City Centre: Great for a shopping expedition, lots of variety but compact enough to see what’s on offer in one day. The main pedestrian area and two indoor shopping centres, Cavern Walks and Clayton Square have a wide range of stores and specialised designer outlets. Nightlife in the city centre is buzzing, and the choice of venues can be overwhelming. The Cavern Quarter around Mathew Street has some great pubs and excellent restaurants. If you want to eat out the only problem is what to choose: Russian, Spanish, Italian, Greek, Chinese, Portuguese or Japanese, there is something to suit every palate.

An abundance of fine architecture and culture are visible throughout the city centre. The grandeur of St Georges Hall, two Cathedrals, the Museum and the Bluecoat Centre, are just a few examples. Theatres, music venues and comedy clubs are all within walking distance. Albert Dock, a major attraction on the waterfront, can be found on the outskirts of the central shopping area, along with the Mersey Ferries and the tunnels.

Edge Hill: Not much to see on the surface, but underneath lies a totally different story. Around 1820 Joseph Williamson – the mole of Edge Hill – built a kingdom of underground tunnels and caverns. The tunnels are believed to include complete houses and an 80ft long banqueting suite. Robert Stephenson, the great railway engineer came across the incredible sight, while extending Lime Street station. By Christmas 2000, it is hoped that the first two tunnels will be accessible to the public, fully furnished with shop, bar and guided tours.

Speke: A busy commercial area of the city and home to Liverpool Airport; just seven miles from the city centre, this is the UK’s fastest growing regional airport and offers excellent facilities. Not far away is a series of industrial and retail parks that contain a wide range of DIY superstores. One of England’s great historic houses, Speke Hall (1490), is set in its own glorious grounds, this popular attraction offers an insight into several eras and the added bonus of lovely woodland walks.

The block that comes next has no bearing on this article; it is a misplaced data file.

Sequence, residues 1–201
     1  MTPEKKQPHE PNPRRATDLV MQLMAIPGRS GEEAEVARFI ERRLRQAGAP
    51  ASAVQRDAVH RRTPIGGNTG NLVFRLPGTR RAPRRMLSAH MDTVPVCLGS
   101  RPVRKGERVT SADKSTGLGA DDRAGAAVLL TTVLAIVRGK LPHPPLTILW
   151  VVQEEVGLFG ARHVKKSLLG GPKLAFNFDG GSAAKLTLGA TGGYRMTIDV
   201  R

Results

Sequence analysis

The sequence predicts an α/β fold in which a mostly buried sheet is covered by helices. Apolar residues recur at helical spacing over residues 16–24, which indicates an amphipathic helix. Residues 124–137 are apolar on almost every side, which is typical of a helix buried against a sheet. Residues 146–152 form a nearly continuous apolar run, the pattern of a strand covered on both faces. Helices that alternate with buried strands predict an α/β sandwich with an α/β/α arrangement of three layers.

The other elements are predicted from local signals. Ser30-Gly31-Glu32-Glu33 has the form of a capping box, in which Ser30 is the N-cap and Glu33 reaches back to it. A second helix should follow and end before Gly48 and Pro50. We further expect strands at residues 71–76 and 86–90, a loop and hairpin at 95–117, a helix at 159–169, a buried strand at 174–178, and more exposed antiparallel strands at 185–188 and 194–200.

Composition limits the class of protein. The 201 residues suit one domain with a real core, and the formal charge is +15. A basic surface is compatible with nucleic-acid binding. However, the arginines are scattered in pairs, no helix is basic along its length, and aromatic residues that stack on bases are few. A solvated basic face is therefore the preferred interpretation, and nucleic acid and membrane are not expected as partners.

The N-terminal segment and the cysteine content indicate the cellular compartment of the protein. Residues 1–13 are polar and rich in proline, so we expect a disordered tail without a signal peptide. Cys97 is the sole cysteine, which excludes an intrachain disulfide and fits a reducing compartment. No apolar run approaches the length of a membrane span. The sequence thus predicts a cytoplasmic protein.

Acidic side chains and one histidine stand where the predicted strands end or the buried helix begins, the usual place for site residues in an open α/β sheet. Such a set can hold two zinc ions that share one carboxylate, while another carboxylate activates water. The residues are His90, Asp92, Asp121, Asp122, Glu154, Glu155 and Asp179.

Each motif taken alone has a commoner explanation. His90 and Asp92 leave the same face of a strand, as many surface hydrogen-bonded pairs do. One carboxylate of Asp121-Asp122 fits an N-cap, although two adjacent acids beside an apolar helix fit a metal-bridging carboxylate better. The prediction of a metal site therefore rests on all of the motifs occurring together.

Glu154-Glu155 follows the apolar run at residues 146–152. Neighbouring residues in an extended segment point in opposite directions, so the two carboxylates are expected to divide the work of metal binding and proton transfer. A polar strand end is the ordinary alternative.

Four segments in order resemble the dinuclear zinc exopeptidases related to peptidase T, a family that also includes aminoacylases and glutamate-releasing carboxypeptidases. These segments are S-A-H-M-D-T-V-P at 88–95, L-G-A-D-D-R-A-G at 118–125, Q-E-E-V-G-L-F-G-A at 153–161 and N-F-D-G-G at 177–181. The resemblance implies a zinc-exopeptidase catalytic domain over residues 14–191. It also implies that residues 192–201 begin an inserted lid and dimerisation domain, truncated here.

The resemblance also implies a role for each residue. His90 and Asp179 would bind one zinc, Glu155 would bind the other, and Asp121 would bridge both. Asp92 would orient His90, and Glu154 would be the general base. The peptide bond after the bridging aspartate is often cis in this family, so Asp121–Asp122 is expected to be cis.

Toxteth: Once habited by wealthy shipping merchants, it lapsed into a rather run down neighbourhood in later years. Today, regeneration projects are making vast improvements to this multi-cultural district and the true magnificence of the buildings is visible once again. Europe’s best example of Moorish Revival architecture can be seen at the Princes Road Synagogue.

Walton: Home to Everton Football Club, Goodison Park. Sign up for a stadium tour or just enjoy the game. If you are feeling brave enough, wander down to County road after the match and savour a pint in one of the many pubs heaving with the football masses. The Riverside Diving Centre is located here.

West Derby: Predominately a residential area, which is set around the historic Croxteth Hall, it boasts beautiful grounds, a Victorian home farm and walled kitchen gardens. A further attraction opening soon is the Casbah Coffee Club; experience the unique atmosphere of Liverpool’s first beat club, the birthplace of the Beatles.

Woolton: A quaint village that has retained its original style and is awash with listed buildings. It houses a small but busy shopping area and has a good selection of pubs and restaurants; the fabulous Woolton Redbourne Hotel is situated on the outskirts of the village. A popular attraction for children is Clarke’s Gardens a quiet park, with horses, goats, rabbits and geese.